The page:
Alpha blending is the process of combining two images with the appearance of partial transparency. To perform this composition, a per layer alpha value (and optionally a per pixel alpha value) is used that contains the coverage information for all the pixels within a layer. The alpha value ranges from 0 to 1, where 0 represents that the current pixel does not contribute to the final image and is fully transparent. A 1 represents that the current pixel is fully opaque. Any value in between represents a partially transparent pixel.
When applying alpha blending, the two pixels to be blended reside within two different image layers. Each layer has a definite Z-axis order. In other words, each layer resides closer or farther from the observer and has a different depth. Thus, the image pixel and the image pixel directly "over" it are to be blended.
The equation for alpha blending one layer to the layer directly behind in the Z-axis is below. This operation is conceptually simple linear interpolation between each color component of each layer.
a is the product of the global alpha and per pixel alpha (if enabled) or just the global alpha value (otherwise).
Component (x, y, z) represents one color component channel from the color space triplet (RGB, YUV, etc.) associated with the pixel at coordinates ( x, y ) in Layer z.
Component (x, y, z – 1) represents the same color component at the same ( x, y ) coordinates in Layer z – 1 (one layer below in Z-plane order).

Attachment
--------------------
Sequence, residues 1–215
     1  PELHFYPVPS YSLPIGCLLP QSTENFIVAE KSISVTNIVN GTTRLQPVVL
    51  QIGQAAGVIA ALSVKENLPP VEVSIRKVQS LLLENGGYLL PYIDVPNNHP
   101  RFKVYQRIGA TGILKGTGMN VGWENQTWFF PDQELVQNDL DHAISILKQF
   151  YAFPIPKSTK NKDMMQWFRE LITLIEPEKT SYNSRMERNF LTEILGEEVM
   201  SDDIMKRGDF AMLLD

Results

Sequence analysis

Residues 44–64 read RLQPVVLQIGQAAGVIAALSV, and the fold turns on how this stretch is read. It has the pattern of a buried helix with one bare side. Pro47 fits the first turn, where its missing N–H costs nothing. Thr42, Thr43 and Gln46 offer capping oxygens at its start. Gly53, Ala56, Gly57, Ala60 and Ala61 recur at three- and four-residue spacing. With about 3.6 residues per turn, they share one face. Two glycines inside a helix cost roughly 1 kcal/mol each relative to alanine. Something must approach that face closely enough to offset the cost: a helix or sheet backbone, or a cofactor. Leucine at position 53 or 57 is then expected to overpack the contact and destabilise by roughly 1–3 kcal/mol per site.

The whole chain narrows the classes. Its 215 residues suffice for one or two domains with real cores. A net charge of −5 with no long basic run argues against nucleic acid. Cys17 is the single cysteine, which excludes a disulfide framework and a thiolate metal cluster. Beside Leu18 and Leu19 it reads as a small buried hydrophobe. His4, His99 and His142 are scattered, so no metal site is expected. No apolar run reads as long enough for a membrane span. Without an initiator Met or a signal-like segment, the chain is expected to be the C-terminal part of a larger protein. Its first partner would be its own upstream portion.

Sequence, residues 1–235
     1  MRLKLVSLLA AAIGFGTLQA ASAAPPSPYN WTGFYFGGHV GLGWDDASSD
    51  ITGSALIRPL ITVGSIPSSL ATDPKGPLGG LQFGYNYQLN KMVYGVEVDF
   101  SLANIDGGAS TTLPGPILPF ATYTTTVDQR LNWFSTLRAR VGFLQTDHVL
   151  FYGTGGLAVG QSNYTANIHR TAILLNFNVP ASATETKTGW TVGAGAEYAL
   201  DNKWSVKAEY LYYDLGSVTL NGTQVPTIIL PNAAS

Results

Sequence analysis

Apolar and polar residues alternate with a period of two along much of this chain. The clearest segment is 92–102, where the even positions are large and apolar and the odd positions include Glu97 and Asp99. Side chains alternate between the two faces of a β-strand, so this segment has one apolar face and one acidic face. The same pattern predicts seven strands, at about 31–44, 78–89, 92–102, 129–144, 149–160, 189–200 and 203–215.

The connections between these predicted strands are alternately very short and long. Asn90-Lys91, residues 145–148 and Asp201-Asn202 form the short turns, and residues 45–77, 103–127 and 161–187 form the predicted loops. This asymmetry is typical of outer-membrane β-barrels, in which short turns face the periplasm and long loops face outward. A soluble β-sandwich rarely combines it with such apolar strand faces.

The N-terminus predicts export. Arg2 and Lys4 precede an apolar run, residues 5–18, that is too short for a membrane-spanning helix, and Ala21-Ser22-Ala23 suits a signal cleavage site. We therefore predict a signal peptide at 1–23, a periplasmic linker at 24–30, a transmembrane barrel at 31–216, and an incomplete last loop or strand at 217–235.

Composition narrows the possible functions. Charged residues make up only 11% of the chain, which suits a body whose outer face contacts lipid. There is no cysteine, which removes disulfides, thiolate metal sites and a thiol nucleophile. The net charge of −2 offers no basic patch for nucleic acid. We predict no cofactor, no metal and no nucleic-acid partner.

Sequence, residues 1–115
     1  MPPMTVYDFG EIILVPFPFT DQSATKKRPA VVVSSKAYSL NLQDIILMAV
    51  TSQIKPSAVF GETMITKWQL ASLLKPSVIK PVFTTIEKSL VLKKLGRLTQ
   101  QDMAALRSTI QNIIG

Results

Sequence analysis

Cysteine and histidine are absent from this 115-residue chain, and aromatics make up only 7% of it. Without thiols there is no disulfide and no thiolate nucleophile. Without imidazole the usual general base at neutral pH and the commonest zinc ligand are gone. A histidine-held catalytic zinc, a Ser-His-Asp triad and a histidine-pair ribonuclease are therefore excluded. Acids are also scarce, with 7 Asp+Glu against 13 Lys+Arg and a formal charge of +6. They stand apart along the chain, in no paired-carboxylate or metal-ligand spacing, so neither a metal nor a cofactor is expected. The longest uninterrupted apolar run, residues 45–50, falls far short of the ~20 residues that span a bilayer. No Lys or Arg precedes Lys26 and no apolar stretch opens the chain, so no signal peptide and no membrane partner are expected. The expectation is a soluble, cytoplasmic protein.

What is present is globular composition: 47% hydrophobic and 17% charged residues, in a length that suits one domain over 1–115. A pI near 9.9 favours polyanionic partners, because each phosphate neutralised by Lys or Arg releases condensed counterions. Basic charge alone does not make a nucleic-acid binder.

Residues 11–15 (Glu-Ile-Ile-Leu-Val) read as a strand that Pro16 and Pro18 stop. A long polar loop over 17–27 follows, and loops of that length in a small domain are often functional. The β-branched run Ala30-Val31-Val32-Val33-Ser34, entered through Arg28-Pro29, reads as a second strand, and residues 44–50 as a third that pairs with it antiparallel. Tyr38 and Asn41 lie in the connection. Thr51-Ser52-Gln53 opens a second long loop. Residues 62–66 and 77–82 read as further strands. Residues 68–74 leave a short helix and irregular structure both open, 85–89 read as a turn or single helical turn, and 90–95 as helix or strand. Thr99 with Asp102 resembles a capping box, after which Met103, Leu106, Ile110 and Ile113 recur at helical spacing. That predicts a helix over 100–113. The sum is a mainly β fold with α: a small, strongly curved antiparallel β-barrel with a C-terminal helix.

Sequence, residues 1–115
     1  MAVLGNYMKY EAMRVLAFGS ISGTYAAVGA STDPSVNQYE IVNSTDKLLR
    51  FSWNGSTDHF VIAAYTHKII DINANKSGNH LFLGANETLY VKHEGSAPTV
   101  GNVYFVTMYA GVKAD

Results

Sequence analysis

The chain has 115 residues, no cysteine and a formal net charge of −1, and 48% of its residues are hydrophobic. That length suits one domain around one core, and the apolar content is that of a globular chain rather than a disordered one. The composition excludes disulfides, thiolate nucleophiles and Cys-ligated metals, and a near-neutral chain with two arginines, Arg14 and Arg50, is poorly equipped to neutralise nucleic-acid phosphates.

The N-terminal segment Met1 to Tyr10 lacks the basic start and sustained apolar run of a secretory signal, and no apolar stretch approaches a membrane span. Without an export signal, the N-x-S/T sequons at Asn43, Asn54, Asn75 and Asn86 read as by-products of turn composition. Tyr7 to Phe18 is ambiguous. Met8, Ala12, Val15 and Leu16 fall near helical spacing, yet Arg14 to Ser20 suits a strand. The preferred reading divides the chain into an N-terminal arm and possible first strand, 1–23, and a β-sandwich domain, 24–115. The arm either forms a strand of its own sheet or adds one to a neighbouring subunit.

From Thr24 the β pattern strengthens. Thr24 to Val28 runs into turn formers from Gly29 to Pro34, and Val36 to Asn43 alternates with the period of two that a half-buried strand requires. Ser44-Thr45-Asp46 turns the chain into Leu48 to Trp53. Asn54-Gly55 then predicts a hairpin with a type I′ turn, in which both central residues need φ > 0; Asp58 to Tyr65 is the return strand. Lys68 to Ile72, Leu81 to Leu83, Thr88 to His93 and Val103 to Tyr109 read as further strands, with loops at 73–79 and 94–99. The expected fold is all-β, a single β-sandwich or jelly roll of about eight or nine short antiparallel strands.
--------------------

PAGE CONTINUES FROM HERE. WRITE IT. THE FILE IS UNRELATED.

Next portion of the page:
Component' (x, y, z) is the resulting output component value after alpha-blending the component values from coordinates ( x, y ) from Layer z and Layer z – 1.
The same equation applies for the next layer above, Layer z + 1. These alpha-blending operations can be chained together by taking the resultant output, Component' (x, y, z) , and substituting it into the Layer z + 1 equation for Component (x, y, z) . This implies that the result of blending Layer z with the background becomes the new background for Layer z + 1, or the layer directly over it. In this mode, any number of image layers can be blended by taking the blended result of the layer below it.
Note: Alpha blending is optional per layer but always enabled for the logo layer. In case alpha blending is disabled, pixels are always superimposed as fully opaque on the underlying layer.